"German shepherd average longevity and hereditary health

"German shepherd average longevity and hereditary health

Health & Safety

The German shepherd is one of the most popular breeds of dog in the UK, and one that consistently makes the top ten list of the most commonly owned dog breeds. A highly versatile large breed, the German shepherd makes for an excellent pet, but can also perform a wide variety of working roles too, and can commonly be seen performing police work in countries all across the world, as well as a wide variety of other working tasks too!

The German shepherd can be seen in a variety of colours, with the most common being black and tan. Other accepted colours include black, white, liver and blue. The coat of the breed is double layered, with a longer top coat and dense undercoat. The most common coat length for the breed is medium, but a longhaired variety can also be seen; however, the longhaired coat is much less common, as it is caused by the presence of a recessive gene.

German shepherds can stand up to 26” tall at the withers, and weigh up to 40kg. Males of the breed tend to be larger than females.

If you are considering buying or adopting a German shepherd, it is of course vital to find out as much about the breed as possible before committing to buy. One important aspect to research is the hereditary health and longevity of the breed, and we will look into this in more detail within this article.

German shepherd average longevity

The average lifespan of the German shepherd breed as a whole is 11 years, which is slightly lower than the average for dogs of a similar size and build. However, due to the sheer number of German shepherds within the UK, there is quite a lot of scope for variance in their lifespans, and it is not uncommon for dogs of the breed to live much longer than this.

Genetic diversity

The coefficient of inbreeding statistic for the German shepherd is 3.4%, which is lower than the accepted ideal of 6.25% or lower for pedigree dog breeds. This represents the fact that the German shepherd is a common and popular breed, which does not need a significant degree of inbreeding in order to keep the breed viable.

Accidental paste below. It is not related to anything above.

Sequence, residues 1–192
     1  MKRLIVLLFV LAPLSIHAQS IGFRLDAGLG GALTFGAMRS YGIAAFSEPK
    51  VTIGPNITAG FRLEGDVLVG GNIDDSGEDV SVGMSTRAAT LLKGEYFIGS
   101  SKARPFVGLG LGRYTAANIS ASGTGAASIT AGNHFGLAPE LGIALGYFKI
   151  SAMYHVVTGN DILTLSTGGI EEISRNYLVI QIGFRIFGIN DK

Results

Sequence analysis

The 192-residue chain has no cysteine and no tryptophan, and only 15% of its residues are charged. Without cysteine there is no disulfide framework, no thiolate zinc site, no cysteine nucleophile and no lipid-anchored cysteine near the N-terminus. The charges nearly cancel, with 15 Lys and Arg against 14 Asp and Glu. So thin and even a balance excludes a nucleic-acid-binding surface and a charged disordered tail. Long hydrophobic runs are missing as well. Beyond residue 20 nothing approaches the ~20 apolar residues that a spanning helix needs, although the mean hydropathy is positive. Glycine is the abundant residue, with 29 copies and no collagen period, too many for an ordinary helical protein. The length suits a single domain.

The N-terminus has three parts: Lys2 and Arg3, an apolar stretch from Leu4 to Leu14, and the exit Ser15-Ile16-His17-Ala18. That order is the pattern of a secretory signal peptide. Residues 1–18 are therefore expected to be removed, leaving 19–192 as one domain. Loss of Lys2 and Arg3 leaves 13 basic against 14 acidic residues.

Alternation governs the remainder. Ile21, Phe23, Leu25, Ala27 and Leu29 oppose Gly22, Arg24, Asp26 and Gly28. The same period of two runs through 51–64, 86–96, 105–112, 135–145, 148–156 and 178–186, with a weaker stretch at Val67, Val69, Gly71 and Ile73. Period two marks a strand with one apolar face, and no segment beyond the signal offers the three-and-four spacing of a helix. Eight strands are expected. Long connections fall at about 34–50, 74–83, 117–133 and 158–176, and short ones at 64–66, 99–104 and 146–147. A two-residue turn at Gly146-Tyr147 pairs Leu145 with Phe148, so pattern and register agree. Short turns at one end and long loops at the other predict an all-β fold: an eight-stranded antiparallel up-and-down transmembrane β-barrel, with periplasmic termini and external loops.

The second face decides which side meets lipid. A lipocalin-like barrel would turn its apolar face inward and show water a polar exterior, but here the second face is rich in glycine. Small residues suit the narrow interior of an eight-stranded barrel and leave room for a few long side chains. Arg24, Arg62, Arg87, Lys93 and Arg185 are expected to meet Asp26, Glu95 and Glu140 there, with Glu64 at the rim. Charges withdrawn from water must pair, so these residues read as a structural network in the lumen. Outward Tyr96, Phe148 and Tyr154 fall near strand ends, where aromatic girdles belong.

German shepherd conformation

The conformation of the German shepherd has been identified as posing certain problems across the breed, and potential buyers of dogs of the breed are advised to make themselves aware of this, and learn to identify exaggerated traits that may prove problematic. Such issues include:

  • Orthopaedic concerns for dogs that have a very steep slope to their backs and an acute angle of the hind legs. This is more common in show lines than working lines.
  • The deep chest of the breed makes them susceptible to bloat or gastric dilation, a serious condition that causes a dangerous build-up of stomach gas, and which may cause the stomach to twist.

Health testing for German shepherds

A wide range of different health schemes and testing programmes run for the German shepherd breed, in order to help to improve the health and viability of the breed as a whole. Such schemes include:

  • Hip score testing, with the mean score across the breed being 15.4. Breeders should seek only to breed dogs with a score below this figure.
  • Elbow dysplasia, with the ideal score being zero.
  • Progressive retinal atrophy, and non-congenital ocular disease, or cataracts.
  • DNA testing for degenerative myelopathy, a condition of the spinal cord that causes weakness and paralysis.
  • Pyruvate kinase deficiency, an enzyme deficiency of the red blood cells.
  • Mucopolysaccharidosis, a rare enzyme deficiency.
  • Ivermectin sensitivity.
  • Male dogs should also be tested for haemophilia.

The German shepherd breed is classed a high profile dog breed by The Kennel Club, which indicates that the hereditary health and conformation of the breed as a whole are of particular concern, and are subject to close monitoring.

Other conditions that can affect the breed

Some other conditions that are known to occur across the German shepherd breed include:

  • Systemic lupus erythematosus.
  • German shepherd dog pyoderma, a skin condition that causes pus-filled hot spots to develop.
  • Haemophilia A
  • Primary seborrhoea, an overproduction of oils from the sebaceous glands of the skin.
  • Dry eye, an autoimmune condition that causes the tear ducts to provide insufficient lubrication.
  • Nictitans plasmacytic conjunctivitis, an eye condition.
  • Exocrine pancreatic insufficiency, an enzyme disorder.
  • Panosteitis, a condition of the bones.
  • Lumbosacral disc disease, a painful condition of the lumbar-sacral region.
  • Anal furnunculosis, a chronic infection of the anal glands due to an inappropriate autoimmune response.
  • Atopy, a protein sensitivity that causes intense itching.
  • Osteochondrosis, a problem with the joints.
  • Epilepsy.
  • Various types of cancers, including melanoma, mammary cancer, pancreatic islet tumour, and haemangiosarcoma.
  • Inflammatory bowel disease, or IBD.
  • Autoimmune hair loss, a form of alopecia.
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